George Mitchell's father said, "Well, what's your name?"
The foreman said, "My name is Mike Mitchell."
He said, "All right, I'll be Mike Mitchell, too." So he became Mike Mitchell, and his son is George Mitchell. It's a real immigrant story.
So George Mitchell is born in America. He starts a natural gas company in Texas. They're doing pretty well for a while. They are sending about 10 percent of Chicago's natural gas that they are responsible for. It's called Mitchell Energy. They're shipping it to Chicago. But he can see that his natural gas is running out. George Mitchell's a smart guy. He can see the writing on the wall. He says, "Guys, we don't have offshore assets and Asia and Africa, like Exxon. We've got to figure out how to get it from America."
The one thing they were sitting on was this layer of shale. Again, shale is just rock. It's very compressed rock. It's tough to produce oil and gas from. Again, they call it tombstone rock. It has always been sort of known as the source rock. Everyone in the industry knew about shale. There's no mystery. Everyone knew it was packed with oil and gas. No one knew exactly how much, but everyone knew there was a lot of oil and gas in shale. But everyone assumed it was going to be too costly to get much out of it.
But George Mitchell didn't have a choice in the matter. He was running out of natural gas. He said, "Guys, let's go figure out how to get a lot of natural gas from shale in the Barnett Shale," which is in Texas.
He started a little group. They started in the early 1980s. By 1997, they are striking out. This little group isn't really making much headway. They are trying to frack it, which means fracture it. It sounds like a complicated word, but all it means is trying to create little fractures in the rock, little fissures that allow the gas to emerge. The way you do it is by just pummeling the rock with a mixture of water and a little bit of sand and a little bit of chemicals. They were trying every kind of way to get gas from it, and they were failing.
By then, George Mitchell was around 80 years of age. He wasn't really running things day to day. He had an heir apparent who didn't believe in what they were doing, and behind George Mitchell's back he was telling the guys in that group to give up—"Why are you wasting your time, you're killing us." George Mitchell's own son, who was on the board, was saying this is a waste of time.
But this little group—and I don't want to call them a rogue group; more like a stubborn group—they kept at it. George Mitchell, from his headquarters and from his home—by then he was semi-retired—he told them to keep going. Again, by 1997, there was real failure. George Mitchell had cancer by then. His wife had early Alzheimer's. It was sort of a last shot. And they finally made it happen. It was a little bit of luck. One day their contractor used too much water in their cocktail they used to pummel the rock, and it produced a good amount of gas. Everyone told this guy, the geologist in charge, Nick Steinsberger, "Well, this oil is a fluke. Don't read too much into it." And Steinsberger said, "Well, maybe I should read something into this. We're going to play with it. We're going to adjust it. We're going to keep at it."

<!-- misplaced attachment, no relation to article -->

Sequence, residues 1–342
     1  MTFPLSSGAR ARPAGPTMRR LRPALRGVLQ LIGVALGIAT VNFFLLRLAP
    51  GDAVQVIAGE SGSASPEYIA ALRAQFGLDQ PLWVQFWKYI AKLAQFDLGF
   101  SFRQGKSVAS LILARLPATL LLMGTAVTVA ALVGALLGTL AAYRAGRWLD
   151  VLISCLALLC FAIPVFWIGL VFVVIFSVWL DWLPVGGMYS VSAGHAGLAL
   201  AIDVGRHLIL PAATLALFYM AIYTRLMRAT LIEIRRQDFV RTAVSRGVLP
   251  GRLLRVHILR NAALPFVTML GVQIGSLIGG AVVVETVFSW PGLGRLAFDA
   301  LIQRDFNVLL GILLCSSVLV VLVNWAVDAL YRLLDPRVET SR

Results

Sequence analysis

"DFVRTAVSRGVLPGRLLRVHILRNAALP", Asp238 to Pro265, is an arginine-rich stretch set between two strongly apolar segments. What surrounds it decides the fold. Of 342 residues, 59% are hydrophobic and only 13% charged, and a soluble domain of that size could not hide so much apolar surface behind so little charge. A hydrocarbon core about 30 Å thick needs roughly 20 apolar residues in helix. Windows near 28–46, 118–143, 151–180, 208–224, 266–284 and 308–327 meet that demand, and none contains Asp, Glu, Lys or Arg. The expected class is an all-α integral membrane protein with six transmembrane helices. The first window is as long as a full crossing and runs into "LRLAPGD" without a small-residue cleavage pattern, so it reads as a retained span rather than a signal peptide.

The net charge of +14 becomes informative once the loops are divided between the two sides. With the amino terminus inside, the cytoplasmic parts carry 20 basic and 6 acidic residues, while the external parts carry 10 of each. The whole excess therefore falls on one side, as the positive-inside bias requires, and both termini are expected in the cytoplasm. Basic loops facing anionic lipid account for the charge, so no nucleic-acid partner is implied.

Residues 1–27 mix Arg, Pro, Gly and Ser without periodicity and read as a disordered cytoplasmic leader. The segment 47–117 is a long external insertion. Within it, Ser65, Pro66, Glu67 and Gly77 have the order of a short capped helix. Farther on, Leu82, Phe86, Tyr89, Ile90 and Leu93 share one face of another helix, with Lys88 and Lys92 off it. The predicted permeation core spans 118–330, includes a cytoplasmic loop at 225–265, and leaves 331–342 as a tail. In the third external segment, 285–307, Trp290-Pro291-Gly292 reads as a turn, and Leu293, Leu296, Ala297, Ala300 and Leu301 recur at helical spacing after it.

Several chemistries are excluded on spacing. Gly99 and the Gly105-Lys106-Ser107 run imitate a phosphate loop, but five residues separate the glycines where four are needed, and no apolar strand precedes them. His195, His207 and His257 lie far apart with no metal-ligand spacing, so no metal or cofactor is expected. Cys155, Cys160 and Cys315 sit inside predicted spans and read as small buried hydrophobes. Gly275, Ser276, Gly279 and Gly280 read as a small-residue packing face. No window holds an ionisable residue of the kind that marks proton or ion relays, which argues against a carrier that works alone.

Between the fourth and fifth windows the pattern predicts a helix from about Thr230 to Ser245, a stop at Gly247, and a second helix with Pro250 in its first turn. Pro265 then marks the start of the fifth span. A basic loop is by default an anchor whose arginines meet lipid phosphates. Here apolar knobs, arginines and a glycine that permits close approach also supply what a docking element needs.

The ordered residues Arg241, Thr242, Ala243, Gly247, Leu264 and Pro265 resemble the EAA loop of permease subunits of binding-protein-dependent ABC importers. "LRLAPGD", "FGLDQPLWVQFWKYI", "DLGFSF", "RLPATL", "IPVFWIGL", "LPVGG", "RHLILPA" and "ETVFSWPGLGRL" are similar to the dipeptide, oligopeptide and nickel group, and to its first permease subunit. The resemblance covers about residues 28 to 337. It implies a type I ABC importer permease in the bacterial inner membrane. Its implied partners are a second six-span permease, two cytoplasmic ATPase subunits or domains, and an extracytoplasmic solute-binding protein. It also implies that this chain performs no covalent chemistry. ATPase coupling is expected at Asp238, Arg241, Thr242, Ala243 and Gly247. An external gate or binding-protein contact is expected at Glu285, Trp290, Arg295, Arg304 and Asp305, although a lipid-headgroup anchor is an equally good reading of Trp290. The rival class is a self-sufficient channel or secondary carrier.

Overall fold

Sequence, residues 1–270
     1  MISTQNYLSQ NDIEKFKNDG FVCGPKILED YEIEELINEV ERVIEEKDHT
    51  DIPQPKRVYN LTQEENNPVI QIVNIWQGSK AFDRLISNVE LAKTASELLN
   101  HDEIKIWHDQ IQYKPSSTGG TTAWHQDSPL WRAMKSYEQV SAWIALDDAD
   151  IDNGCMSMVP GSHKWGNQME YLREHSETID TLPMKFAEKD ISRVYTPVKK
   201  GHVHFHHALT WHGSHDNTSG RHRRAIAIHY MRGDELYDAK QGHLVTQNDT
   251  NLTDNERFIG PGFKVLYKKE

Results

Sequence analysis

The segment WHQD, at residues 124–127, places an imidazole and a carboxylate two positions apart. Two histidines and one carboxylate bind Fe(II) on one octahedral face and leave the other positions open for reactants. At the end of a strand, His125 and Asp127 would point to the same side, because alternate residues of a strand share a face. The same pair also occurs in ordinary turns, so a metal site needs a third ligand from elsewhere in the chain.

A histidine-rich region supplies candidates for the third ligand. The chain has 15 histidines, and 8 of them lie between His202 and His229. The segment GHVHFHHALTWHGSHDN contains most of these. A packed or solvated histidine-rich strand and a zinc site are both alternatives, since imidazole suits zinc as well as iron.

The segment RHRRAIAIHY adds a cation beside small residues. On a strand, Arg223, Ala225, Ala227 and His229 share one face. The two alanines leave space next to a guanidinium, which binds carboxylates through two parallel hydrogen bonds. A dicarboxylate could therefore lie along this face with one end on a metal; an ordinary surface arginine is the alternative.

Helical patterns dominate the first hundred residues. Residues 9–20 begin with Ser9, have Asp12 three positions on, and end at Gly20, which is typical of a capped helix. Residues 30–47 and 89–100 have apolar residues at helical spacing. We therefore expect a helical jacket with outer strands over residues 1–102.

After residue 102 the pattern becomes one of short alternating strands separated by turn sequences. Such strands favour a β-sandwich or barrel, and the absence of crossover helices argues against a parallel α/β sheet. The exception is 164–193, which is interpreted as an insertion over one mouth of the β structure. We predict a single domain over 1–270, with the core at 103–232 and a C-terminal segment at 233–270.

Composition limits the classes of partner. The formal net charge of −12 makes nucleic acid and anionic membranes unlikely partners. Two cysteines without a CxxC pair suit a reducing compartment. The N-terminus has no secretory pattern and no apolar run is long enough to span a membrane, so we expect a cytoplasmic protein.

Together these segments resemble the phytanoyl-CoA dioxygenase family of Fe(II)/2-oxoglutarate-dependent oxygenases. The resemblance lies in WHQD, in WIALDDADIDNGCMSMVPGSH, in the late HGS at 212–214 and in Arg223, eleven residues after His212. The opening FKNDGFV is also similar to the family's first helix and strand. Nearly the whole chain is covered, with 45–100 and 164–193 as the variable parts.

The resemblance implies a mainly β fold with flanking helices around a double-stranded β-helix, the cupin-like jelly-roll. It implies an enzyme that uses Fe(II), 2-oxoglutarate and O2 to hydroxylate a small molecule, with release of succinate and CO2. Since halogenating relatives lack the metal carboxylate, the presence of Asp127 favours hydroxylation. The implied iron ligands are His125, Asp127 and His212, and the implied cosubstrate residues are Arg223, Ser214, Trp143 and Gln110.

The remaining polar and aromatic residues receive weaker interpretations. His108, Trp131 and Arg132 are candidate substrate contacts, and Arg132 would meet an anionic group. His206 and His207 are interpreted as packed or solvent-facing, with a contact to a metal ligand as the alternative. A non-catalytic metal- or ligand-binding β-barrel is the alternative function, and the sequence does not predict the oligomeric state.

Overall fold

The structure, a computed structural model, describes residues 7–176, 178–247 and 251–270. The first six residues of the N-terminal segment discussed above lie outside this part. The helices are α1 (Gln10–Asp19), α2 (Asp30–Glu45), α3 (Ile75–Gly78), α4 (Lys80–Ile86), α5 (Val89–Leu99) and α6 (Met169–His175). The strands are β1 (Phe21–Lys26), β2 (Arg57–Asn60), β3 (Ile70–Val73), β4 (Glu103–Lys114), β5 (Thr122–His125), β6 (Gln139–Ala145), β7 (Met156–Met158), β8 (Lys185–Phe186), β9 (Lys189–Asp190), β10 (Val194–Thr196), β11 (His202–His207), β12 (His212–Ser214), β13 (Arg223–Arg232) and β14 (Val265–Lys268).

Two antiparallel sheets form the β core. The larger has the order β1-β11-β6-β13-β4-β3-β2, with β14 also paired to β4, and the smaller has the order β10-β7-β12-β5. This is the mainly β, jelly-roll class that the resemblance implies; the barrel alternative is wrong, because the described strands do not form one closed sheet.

Again, all the experts said he was a fool. But he was right, and the mixture that he figured out—mostly water, a little bit of chemicals, a little bit of sand—is the cocktail, the mixture that is used all over the world now, to some extent.
So they make it happen. They finally make it happen. George Mitchell sells his company. He's worth billions. Basically, everyone says, "Okay, you figured out how to get natural gas from shale in Texas, but that's just one little spot. It's a one-off thing. Who's to say you can do it elsewhere?"
Then a few other people said, "You know what? We're going to show you. We're going to prove that you can get lots of not just natural gas, but oil."
There's a guy I write about named Harold Hamm, again one of the most unlikely wildcatters in this whole era. Harold Hamm was born dirt-poor, one of 13 children in a little town in Oklahoma. He was so poor that he couldn't go to school. His parents were sharecroppers. They picked cotton and watermelon. Harold had to help in the fields, and he couldn't start school until around Christmastime because only by then was it so cold in the fields that he couldn't help his parents anymore. He didn't go to college.
He had this hunger, though, to find oil. He's like this throwback. He's like a real American archetype. You still had these people that hunger to find oil and make their wealth. He called it ancient wealth. He really had this hunger. He was a poor kid and he just wanted to find oil.
He didn't go to college, didn't know anything about geology, didn't know anything about drilling, didn't spend any time in the business. He started off—his first company, his first business, was cleaning out the bottom of trucks, tanker trucks. He started doing that for a few years. He dug in there and he dug out all the dirt. He worked really hard, and he built a little business, the cleaning, then trucking, and then started a little bit of wildcatting in Oklahoma.